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Veteran running to Indianapolis to raise awareness

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Cpl. Cory Smith. Photo by Doug Strickland (Times Free Press). Cpl. Cory Smith. Photo by Doug Strickland (Times Free Press).

(WRCB) -- Corporal Cory Smith calls Indianapolis home. By car or plane, the trip from Ft. Benning, Georgia would be easy. But Smith is pounding the pavement for hundreds of miles all for a good cause.     

We caught up with Corporal Cory Smith, as he made his way through Chattanooga.

He says he is running for two reasons. One is to get back home to his baby daughter. The other is to help other veterans in need.

Smith, who has served almost four years as an Army Ranger, says veterans coming back home face so many challenges.

"Every 80 minutes in America, according the Veteran Affairs, there's a veteran suicide and only nine states actually claim those suicides," says Smith.

He says he has faced some challenges himself.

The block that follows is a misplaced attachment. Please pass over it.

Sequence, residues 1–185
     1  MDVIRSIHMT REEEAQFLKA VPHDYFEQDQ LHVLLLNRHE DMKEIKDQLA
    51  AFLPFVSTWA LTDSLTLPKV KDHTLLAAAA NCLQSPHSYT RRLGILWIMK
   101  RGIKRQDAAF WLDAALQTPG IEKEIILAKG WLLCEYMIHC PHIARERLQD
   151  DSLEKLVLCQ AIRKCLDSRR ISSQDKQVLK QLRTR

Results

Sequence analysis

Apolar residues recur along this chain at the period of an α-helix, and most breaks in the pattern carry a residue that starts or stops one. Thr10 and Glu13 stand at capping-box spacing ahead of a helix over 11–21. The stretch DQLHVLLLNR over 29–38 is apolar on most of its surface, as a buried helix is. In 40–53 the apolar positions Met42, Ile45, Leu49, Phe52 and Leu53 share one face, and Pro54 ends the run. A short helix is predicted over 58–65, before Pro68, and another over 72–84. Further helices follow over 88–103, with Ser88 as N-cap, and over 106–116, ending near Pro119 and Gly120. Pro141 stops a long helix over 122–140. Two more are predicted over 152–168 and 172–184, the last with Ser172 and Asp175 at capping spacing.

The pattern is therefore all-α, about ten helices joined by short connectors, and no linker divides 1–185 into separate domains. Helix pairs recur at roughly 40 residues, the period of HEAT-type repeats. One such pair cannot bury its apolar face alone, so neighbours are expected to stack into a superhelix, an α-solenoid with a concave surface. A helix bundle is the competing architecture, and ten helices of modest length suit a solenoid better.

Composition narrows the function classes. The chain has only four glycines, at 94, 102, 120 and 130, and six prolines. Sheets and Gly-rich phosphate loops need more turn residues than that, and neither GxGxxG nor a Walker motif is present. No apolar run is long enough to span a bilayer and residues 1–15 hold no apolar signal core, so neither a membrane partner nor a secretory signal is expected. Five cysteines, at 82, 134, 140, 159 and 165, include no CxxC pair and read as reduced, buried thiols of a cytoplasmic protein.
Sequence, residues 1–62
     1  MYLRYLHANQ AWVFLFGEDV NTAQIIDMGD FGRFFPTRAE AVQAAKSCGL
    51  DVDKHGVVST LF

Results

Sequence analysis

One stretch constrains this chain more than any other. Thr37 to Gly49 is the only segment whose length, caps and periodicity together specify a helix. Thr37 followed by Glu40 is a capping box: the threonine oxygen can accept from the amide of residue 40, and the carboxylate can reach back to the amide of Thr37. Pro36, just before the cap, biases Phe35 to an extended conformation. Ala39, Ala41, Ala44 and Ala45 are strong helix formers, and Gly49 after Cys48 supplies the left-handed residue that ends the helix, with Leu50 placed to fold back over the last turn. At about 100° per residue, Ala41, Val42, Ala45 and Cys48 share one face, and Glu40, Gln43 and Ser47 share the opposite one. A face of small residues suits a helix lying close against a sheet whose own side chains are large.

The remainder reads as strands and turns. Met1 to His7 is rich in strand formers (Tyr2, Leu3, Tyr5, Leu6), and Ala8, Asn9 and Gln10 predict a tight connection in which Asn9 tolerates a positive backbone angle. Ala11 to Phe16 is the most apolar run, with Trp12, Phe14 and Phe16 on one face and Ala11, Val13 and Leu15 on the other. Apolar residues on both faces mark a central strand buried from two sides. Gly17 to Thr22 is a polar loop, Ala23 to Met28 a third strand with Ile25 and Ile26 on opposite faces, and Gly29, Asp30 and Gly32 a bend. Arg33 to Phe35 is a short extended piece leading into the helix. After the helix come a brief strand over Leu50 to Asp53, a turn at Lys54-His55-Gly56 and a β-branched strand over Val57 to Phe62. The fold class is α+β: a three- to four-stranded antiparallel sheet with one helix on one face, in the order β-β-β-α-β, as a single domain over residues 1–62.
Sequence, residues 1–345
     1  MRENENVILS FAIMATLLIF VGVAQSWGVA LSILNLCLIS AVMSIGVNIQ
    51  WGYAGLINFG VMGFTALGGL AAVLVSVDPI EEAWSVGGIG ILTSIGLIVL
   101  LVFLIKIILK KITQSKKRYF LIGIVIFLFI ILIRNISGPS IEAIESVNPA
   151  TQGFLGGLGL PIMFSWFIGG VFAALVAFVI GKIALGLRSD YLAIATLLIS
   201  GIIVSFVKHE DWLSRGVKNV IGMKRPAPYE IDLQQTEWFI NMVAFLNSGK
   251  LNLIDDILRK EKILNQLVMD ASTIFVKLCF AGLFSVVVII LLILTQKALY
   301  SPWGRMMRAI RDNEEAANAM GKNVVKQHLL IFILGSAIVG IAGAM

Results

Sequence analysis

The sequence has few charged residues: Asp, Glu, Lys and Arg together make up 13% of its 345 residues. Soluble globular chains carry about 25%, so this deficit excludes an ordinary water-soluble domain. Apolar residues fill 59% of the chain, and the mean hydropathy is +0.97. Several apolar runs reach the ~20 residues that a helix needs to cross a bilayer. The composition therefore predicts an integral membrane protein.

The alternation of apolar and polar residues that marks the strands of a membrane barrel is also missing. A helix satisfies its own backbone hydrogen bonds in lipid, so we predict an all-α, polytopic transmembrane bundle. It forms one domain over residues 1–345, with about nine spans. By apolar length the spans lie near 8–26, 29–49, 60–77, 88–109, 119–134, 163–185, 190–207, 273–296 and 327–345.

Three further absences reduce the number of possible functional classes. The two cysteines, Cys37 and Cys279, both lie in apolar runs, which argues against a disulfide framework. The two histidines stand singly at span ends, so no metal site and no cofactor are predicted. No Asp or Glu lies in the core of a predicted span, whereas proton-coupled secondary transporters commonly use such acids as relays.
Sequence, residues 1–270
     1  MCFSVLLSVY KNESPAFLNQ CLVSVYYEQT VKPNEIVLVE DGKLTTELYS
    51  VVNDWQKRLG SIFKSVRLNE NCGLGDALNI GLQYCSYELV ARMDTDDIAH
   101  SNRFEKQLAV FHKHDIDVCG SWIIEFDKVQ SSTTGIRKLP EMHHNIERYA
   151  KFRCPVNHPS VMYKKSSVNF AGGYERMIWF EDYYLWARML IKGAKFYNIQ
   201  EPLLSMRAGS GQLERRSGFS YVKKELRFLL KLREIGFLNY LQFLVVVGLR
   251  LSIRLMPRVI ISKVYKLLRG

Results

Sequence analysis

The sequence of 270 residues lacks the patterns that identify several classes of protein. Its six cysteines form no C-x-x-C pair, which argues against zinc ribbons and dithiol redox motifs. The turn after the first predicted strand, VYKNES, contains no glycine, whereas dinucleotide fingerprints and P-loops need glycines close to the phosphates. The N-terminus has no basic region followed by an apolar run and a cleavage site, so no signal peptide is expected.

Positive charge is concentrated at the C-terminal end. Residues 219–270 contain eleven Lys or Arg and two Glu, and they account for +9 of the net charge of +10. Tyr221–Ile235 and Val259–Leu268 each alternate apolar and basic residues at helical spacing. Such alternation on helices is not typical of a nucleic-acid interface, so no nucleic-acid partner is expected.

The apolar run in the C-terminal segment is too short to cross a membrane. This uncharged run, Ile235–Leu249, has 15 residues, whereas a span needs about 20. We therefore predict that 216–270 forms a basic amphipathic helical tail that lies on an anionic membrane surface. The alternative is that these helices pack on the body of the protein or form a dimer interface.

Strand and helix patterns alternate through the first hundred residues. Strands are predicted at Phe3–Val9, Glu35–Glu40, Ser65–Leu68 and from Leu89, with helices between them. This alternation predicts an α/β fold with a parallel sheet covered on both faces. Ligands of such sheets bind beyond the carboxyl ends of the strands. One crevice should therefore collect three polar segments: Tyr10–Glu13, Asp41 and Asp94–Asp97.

"You're kind of in this closed world where everybody kind of takes care of you in the military, but when you get out, you know, you're lucky even to have your parents around to take care of you," he says.

Smith says once he got back home, things were much rockier than expected. His wife left his home with his young daughter and he said he knew he had to do something to keep going.

"All I had left was an air mattress and a television. And that was it. And just a whole lot of emptiness inside," says Smith.

That is why he started running.

He is documenting his journey online, his Facebook page, 'Run Ranger Run.'

He started in Ft. Benning, Georgia. His goal? To reunite with his 18 month old daughter, Ellie, in Indianapolis, Indiana.

"That's the one thing that kind of keeps me going, knowing that I can make an impact on my daughter whenever I get there."

He hopes she can one day look back at his journey with a smile.

He also hopes to encourage other veterans to get the help they need when transitioning back to civilian life.

"If you stay motivated and you keep on pushing through, whether you're sprinting or whether you're walking, you can get there. You just gotta keep putting one foot in front of the other. And you can get there," says Smith.

Besides Facebook, Smith is also documenting his progress on Twitter, so you can follow him there:
He is also working closely with the non-profit organization, Gallant Few, that mentors veterans once they get back home. For more information on how you can help, go here:

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